Managing a career and a family is always balancing act. And this job is definitely demanding. But there are many female traders who have families, and I see them successfully balance both work and family.
Do you think women can leave their jobs on Wall Street, start a family, and then reenter the workforce successfully?
Leaving for a year doesn’t preclude you from returning to the industry. In fact, I’ve seen several women take a year off and re-enter the workforce. Of course, there is some catching-up to do. But if a woman, or anyone for that matter, takes five years off, then returning to the workforce will obviously be more difficult. If you make a decision like that, you have to keep the future in mind. Where are you going to be 20 years from now? It’s a balancing act and very challenging. And it’s just as difficult for men to leave and come back as it is for women.
The commonly held belief is that there still aren’t a lot of women on Wall Street. Over the course of your career, how have you seen that change?
Historically, finance has been a male-dominated industry and both minorities and women had a tough time building careers on Wall Street. But the nature of the business and the people in it are all changing, and I think this creates more opportunity. In my business alone, four women were promoted to senior management positions this year. I think this underscores the importance of female executives in the trading business and on Wall Street. Equally impressive, Morgan Stanley has been recognized by Working Mother magazine for 13 consecutive years as one of the “Top 100 companies for working mothers.” To me, this proves more women feel comfortable balancing work and family, so naturally you see more women on Wall Street.
What’s Morgan Stanley doing to help to hire and retain more women?
The firm is really focused on hiring a diverse workforce, so we can offer a wide array of creative ideas for our clients. Our Campus and Lateral Recruiting teams actively reach out to women’s organizations and connect potential employees to current female employees. I have participated in some of these events. But the point is that Morgan Stanley hires top talent, regardless of their gender.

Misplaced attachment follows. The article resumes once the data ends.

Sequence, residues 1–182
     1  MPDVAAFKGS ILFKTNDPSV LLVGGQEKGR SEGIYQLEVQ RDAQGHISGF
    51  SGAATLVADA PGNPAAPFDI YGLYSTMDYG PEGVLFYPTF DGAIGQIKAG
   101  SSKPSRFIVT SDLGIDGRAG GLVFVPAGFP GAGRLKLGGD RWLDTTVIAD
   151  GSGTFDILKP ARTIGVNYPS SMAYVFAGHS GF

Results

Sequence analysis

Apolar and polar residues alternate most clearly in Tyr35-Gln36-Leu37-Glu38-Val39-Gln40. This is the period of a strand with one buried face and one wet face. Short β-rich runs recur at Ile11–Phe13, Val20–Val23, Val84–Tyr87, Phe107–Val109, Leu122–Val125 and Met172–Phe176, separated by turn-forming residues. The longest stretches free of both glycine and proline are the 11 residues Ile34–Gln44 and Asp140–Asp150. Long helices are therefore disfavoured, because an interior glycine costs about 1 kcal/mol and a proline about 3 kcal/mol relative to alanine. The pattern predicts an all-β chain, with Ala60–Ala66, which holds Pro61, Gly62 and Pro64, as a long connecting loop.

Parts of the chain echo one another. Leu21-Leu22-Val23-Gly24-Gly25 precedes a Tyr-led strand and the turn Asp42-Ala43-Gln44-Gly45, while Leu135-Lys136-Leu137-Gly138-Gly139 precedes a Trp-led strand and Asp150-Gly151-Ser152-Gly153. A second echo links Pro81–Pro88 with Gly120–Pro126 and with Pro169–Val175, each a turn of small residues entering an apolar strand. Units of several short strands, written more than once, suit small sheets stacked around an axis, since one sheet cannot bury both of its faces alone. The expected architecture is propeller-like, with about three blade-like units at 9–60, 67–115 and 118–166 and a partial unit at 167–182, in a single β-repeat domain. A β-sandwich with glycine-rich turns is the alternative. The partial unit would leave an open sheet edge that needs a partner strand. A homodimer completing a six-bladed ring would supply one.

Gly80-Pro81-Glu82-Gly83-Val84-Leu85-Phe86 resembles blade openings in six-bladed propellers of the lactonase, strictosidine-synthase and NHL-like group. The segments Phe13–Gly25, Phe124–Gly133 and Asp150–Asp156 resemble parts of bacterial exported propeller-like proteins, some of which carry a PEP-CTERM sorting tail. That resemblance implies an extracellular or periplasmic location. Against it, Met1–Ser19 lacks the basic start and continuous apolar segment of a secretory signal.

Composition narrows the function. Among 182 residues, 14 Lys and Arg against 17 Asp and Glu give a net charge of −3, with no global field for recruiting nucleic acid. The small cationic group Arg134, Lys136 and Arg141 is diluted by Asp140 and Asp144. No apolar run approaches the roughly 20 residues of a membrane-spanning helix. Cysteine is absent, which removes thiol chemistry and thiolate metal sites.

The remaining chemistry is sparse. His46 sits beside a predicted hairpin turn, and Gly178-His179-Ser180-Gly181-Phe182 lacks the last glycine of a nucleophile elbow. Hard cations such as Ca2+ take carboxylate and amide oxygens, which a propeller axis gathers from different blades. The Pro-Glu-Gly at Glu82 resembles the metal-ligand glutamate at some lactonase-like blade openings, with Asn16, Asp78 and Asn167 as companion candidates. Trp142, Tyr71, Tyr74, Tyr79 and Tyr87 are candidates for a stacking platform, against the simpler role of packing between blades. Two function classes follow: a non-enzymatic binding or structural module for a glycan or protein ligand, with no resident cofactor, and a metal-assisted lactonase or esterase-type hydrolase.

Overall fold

As for retention, there are a number of initiatives the firm offers. For example, I’m part of the VP Women’s Development Program, which identifies talented women across the firm and exposes them to senior managers. I had breakfast with James Gorman, the CEO. I also had dinner with John Mack, our former CEO, and several global division heads. This type of exposure to top management is very helpful. It inspires you to stay. It shows that the firm cares about you. It makes you feel like a valued employee. We also have mentorship programs for women, as well as for men, but mentees always have to remember that it becomes their job to stay in touch with their mentors. There are also a couple of organizations within the firm that provide women with networking opportunities and exposure to prominent females across different industries. The Women’s Business Alliance is one example. This women’s organization hosts various speakers like General Halstead and Maria Bartiromo and numerous other development and networking sessions. The firm also hosted Sheryl Sandberg.
What did you talk about when you had breakfast with Gorman?
We talked about the firm’s goals and its strategy. I found it very inspiring to learn about the strategy of the firm as a whole since I’m most often focused on my own business-specific strategy. Also, I was able to bring up specific concerns that I had. In those meetings, you can discuss anything you’d like.
You mentioned that Morgan Stanley hosted Sheryl Sandberg, did you attend her talk?
What did she talk about?